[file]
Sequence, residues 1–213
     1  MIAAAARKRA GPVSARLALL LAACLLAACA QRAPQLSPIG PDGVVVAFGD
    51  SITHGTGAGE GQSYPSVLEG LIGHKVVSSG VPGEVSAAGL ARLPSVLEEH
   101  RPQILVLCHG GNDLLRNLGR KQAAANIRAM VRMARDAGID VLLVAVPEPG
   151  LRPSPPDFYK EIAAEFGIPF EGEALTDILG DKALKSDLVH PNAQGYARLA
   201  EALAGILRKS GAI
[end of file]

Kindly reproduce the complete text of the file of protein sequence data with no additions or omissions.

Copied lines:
Sequence, residues 1–213
     1  MIAAAARKRA GPVSARLALL LAACLLAACA QRAPQLSPIG PDGVVVAFGD
    51  SITHGTGAGE GQSYPSVLEG LIGHKVVSSG VPGEVSAAGL ARLPSVLEEH
   101  RPQILVLCHG GNDLLRNLGR KQAAANIRAM VRMARDAGID VLLVAVPEPG
   151  LRPSPPDFYK EIAAEFGIPF EGEALTDILG DKALKSDLVH PNAQGYARLA
   201  EALAGILRKS GAI